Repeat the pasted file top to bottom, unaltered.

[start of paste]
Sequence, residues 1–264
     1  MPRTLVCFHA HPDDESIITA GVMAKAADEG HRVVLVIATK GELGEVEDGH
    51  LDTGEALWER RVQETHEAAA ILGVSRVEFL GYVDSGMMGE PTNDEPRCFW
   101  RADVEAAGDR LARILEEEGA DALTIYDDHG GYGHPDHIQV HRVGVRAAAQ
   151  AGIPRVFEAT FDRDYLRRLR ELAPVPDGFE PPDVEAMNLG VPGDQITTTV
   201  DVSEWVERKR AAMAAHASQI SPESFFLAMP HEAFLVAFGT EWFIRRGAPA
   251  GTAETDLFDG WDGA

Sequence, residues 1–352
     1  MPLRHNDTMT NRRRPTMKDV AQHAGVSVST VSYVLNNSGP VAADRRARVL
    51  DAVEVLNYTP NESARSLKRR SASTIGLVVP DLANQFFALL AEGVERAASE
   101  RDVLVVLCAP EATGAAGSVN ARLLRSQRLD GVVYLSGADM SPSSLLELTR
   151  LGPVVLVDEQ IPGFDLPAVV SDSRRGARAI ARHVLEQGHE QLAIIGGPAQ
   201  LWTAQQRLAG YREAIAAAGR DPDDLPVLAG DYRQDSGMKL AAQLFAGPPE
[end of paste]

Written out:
Sequence, residues 1–264
     1  MPRTLVCFHA HPDDESIITA GVMAKAADEG HRVVLVIATK GELGEVEDGH
    51  LDTGEALWER RVQETHEAAA ILGVSRVEFL GYVDSGMMGE PTNDEPRCFW
   101  RADVEAAGDR LARILEEEGA DALTIYDDHG GYGHPDHIQV HRVGVRAAAQ
   151  AGIPRVFEAT FDRDYLRRLR ELAPVPDGFE PPDVEAMNLG VPGDQITTTV
   201  DVSEWVERKR AAMAAHASQI SPESFFLAMP HEAFLVAFGT EWFIRRGAPA
   251  GTAETDLFDG WDGA

Sequence, residues 1–352
     1  MPLRHNDTMT NRRRPTMKDV AQHAGVSVST VSYVLNNSGP VAADRRARVL
    51  DAVEVLNYTP NESARSLKRR SASTIGLVVP DLANQFFALL AEGVERAASE
   101  RDVLVVLCAP EATGAAGSVN ARLLRSQRLD GVVYLSGADM SPSSLLELTR
   151  LGPVVLVDEQ IPGFDLPAVV SDSRRGARAI ARHVLEQGHE QLAIIGGPAQ
   201  LWTAQQRLAG YREAIAAAGR DPDDLPVLAG DYRQDSGMKL AAQLFAGPPE